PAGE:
In a 2015 piece, we highlighted the coming of the first F-35B student pilot or “newbie” to Beaufort.
What follows is that article first published on October 31, 2015.
2015-10-31 Until now, Marine Corps pilots flying the F-35B have been second tour pilots.
That is, they are pilots with flying backgrounds and with combat experience.
Now the Warlords at Beaufort Air Station have their first tour pilot coming to fly the F-35B.
We will now see what Lt. General “Dog” Davis, Deputy Commandant of Aviation, once called the I Pad generation pilots coming into the force.
“I think it’s going to be the new generation, the newbies that are in the training command right now that are getting ready to go fly the F-35, who are going to unleash the capabilities of this jet,” Davis said.
“They will say, ‘Hey, this is what the system will give me. Don’t cap me; don’t box me in.’ ”
Interviews with fifth generation pilots highlight how different the mental approach of flying fifth generation from legacy aircraft actually is; but the limited numbers of F-22s has meant that there is a small number of fifth generaiton pilots with that operational experience built in.
Although now over the skies of the Middle East, operationally the US and allied combat forces are seeing the flexibility of a multi-tasking aircraft — the F-22 –which can shift from battle management for a strike fleet, to dropping weapons, to providing air escort, to dealing with air to surface ground threats and so one within a multi-tasking rather than multi-mission approach.
Over the next decade, there will be many fifth generation pilots and these warriors are key to the transformation process.
According to Richard Stewart, Chief of Naval Air Training public affairs:
KINGSVILLE, Texas – Marine Corps 1st Lt. Taylor Zehrung, from Seattle, a Student Naval Aviator with Training Squadron (VT) 22 located at Naval Air Station Kingsville, Texas, earned his Wings of Gold October 23, 2015, becoming the first jet pipeline aviator to be selected to train and fly the new F-35B Lightning II.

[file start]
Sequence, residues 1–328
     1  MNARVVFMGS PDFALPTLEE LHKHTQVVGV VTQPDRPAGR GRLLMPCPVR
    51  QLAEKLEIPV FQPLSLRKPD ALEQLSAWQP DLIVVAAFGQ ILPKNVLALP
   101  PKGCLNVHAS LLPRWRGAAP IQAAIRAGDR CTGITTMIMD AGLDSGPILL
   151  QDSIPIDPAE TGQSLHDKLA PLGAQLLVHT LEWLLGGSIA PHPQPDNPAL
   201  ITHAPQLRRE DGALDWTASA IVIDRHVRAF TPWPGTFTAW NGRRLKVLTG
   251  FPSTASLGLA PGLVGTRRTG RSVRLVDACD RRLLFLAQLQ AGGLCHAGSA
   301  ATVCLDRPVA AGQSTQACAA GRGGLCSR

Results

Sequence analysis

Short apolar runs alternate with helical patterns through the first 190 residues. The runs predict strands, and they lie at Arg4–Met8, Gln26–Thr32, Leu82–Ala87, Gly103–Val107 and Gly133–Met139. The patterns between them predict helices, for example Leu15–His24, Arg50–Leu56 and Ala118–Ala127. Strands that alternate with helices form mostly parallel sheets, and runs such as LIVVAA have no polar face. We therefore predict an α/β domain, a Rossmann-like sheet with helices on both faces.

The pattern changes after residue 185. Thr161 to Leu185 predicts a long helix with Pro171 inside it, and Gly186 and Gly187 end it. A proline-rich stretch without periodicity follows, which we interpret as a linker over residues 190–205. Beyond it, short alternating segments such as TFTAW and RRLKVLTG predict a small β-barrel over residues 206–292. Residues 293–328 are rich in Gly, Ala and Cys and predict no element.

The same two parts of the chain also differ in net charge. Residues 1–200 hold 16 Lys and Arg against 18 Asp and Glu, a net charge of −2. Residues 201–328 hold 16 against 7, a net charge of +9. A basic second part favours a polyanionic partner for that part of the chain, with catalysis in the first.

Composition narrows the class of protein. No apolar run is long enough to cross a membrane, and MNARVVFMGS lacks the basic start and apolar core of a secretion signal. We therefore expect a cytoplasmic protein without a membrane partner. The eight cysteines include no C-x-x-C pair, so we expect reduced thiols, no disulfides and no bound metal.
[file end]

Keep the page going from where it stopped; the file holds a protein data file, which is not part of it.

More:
Lt. Col. Robert George, Commanding Officer of VT 22 said, “1st Lt. Zehrung will be the first CAT I pilot selected to fly the F-35B. This is a big step towards the transition of sustaining a long term F-35B fleet.”
In 2008, the first six pilots to fly the F-35B operationally were chosen by the Marine Corps. All six were former weapons school graduates and most were weapons school instructors at Weapons and Tactics Instructor course or at Top Gun. In the last few years, the Marine Corps selected more junior pilots to transition to the F-35B to balance out the experience in the F-35B ready rooms. Until today, all current F-35 pilots are experienced Marines selected from operational units flying other fleet aircraft (F/A18, AV-8B, EA-6B).
“1st Lt. Zehrung will be the first to go directly from flight school to the F-35B Fleet Replacement Squadron,” said George “His training will start at MCAS Beaufort, SC flying with the “War Lords” of Marine Fighter AttackTraining Squadron 501 (VMFAT-501). He was chosen from a very competitive group of peers in large part due to his impeccable officer-like qualities to include professionalism, integrity, and sound judgment. He did a phenomenal job as a student aviator and his grades were exceptionally high earning him the distinction of being on the Commodore’s list. We’re very proud of him and are excited to be a part of this significant milestone for 1st Lt. Zehrung and the Marine Corps.”
When 1st Lt. Zehrung was asked how he felt being the first student selected to fly the F-35B, he said, “I feel very honored and proud. It is very exciting and exhilarating, and I truly am looking forward to the future. I know that the program is going to require a lot from me, but I am ready to give 100 percent and set the bar for future student naval aviators.”
The featured photo shows 1st Lt. Taylor Zehrung having his Wings of Gold put on by his father Steve while his sister Aimee looks on during Training Air Wing Two’s winging ceremony and becomes the first naval aviation student selected to fly the F-35 Lightning II.